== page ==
Unspeakable: The Tulsa Race Massacre [hc]
Written by Carole Boston Weatherford & illustrated by Floyd Cooper
This celebrated author and illustrator provide a powerful look at the 1921 Tulsa race massacre, one of the worst incidents of racial violence in our nation's history. The book traces the history of African Americans in Tulsa's Greenwood district and chronicles the devastation that occurred on May 31 and June 1, 1921 when a white mob attacked the Black community.
Black residents living in this neighborhood, known as Black Wall Street, were forced from their homes. Many were imprisoned and historians believe that as many as 300 people may have died. Businesses were looted and burned to the ground, all in all encompassing 35 city blocks.
News of what happened was largely suppressed, and no official investigation occurred for 75 years. This picture book sensitively introduces young readers to this tragedy and concludes with a call for a better future. Of significant importance is that the illustrator's grandfather was a resident of the neighborhood at that time and revealed his experience to his grandson many years ago. 32 pages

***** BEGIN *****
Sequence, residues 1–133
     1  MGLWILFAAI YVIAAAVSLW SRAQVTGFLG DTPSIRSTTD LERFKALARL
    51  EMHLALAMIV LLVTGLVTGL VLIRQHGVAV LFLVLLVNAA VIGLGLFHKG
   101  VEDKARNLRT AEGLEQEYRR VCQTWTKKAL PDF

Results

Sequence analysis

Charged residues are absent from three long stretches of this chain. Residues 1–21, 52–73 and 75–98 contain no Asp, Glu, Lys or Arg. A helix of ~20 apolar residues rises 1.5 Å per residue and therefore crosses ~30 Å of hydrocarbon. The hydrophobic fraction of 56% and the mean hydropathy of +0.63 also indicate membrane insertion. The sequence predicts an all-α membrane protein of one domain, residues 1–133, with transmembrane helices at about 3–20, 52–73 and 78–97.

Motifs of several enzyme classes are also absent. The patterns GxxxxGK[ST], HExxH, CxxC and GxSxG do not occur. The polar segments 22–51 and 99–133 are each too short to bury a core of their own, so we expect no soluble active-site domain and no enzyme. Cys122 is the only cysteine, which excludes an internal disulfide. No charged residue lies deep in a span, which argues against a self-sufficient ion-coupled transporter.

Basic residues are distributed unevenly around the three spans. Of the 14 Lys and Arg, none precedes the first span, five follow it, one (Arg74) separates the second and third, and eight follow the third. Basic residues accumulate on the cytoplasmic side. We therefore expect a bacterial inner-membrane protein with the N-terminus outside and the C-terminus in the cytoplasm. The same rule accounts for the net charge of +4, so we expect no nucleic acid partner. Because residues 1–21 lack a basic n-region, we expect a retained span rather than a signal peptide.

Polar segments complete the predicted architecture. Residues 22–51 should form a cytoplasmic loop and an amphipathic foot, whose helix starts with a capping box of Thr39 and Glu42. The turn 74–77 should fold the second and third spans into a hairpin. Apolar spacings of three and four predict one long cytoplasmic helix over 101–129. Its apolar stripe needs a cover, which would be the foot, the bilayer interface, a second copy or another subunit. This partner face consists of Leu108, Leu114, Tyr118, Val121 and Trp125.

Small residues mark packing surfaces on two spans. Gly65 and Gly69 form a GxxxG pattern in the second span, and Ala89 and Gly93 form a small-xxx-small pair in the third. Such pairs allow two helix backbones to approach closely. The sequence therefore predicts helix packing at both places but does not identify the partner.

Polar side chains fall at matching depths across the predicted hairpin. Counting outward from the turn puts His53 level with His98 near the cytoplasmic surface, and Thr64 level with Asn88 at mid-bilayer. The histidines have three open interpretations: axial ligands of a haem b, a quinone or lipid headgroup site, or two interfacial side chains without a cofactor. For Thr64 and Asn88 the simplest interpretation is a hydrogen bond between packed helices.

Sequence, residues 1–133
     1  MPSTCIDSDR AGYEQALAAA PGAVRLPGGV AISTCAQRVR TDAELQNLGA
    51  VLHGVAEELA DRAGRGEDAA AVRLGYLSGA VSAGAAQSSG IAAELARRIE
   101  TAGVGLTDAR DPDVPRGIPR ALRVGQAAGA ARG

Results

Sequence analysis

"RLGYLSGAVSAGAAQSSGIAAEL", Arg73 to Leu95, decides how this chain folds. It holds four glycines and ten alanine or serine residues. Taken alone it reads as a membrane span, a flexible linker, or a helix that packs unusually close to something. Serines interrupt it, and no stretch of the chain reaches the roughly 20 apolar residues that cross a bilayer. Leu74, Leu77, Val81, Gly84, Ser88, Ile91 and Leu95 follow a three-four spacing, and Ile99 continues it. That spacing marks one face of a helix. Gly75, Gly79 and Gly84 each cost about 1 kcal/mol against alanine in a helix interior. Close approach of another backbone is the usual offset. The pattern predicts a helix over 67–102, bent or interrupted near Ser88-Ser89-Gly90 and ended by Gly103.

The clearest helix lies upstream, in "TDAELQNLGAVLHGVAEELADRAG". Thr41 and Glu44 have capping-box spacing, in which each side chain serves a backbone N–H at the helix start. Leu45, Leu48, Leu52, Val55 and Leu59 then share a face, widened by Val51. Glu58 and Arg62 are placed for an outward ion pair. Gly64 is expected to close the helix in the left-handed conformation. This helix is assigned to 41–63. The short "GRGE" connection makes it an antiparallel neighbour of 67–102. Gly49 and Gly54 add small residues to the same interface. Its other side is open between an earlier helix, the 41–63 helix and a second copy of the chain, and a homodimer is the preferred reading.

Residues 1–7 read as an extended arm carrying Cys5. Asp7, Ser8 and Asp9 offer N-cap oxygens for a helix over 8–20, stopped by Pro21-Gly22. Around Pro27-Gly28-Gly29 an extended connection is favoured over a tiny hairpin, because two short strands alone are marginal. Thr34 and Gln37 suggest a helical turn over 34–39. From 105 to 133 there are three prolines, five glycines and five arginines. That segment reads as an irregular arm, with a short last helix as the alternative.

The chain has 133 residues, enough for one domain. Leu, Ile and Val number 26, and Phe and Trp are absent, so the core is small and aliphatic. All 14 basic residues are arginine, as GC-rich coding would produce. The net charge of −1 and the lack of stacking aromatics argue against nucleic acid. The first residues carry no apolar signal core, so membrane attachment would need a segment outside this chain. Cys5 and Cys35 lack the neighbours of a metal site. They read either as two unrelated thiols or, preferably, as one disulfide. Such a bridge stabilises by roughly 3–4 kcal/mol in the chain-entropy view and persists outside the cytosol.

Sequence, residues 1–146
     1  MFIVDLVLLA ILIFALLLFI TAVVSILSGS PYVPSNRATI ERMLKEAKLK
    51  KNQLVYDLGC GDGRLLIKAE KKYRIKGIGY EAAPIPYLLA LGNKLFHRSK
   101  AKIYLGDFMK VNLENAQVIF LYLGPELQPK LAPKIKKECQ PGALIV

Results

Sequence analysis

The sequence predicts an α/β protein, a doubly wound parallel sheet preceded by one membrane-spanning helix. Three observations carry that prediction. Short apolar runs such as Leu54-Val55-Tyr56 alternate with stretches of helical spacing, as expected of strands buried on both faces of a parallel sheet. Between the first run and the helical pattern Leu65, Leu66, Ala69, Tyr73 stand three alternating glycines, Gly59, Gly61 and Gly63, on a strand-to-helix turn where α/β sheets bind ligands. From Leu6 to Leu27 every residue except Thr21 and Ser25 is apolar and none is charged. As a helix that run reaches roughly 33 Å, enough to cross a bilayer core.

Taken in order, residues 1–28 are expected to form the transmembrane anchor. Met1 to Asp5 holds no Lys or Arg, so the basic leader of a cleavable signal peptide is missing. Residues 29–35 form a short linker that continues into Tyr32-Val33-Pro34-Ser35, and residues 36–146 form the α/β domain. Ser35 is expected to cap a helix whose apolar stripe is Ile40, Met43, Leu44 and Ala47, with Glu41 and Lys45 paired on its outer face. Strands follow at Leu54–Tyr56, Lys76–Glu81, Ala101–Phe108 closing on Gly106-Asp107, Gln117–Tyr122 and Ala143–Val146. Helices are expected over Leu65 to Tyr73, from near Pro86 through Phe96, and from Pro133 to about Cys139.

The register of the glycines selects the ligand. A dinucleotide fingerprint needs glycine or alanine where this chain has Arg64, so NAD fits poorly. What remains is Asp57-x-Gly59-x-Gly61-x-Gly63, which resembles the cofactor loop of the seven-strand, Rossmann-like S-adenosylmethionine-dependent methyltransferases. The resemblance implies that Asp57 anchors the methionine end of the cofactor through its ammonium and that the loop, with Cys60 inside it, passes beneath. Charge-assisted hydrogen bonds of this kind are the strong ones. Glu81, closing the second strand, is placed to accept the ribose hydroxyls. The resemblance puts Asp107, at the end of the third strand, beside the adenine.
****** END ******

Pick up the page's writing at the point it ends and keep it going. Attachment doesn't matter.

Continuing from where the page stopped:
For more information about the massacre, visit the Tulsa Historical Society and Museum's website.
"Ideal for classroom libraries and a deeper study of American history, this title is a must-have for those seeking the painful and complete truth." -Booklist, Starred Review (Grades 3-6)
"A once-thriving Black community was destroyed, and the story of how it happened went untold for decades... A somber, well-executed addition to the history as the incident approaches its 100th anniversary." -Kirkus Reviews, Starred Review (Ages 8-12)
"By focusing not just on the attack, but also on the positive achievements of the Black business owners, lawyers, and doctors of Greenwood, the book succeeds in teaching the tragedy of the Tulsa Race Massacre and the legacy of Black Wall Street. An author's note explains the impact of the event and a subsequent cover-up by the city." -Publishers Weekly, Starred Review (Ages 9-10)
February 2, 2021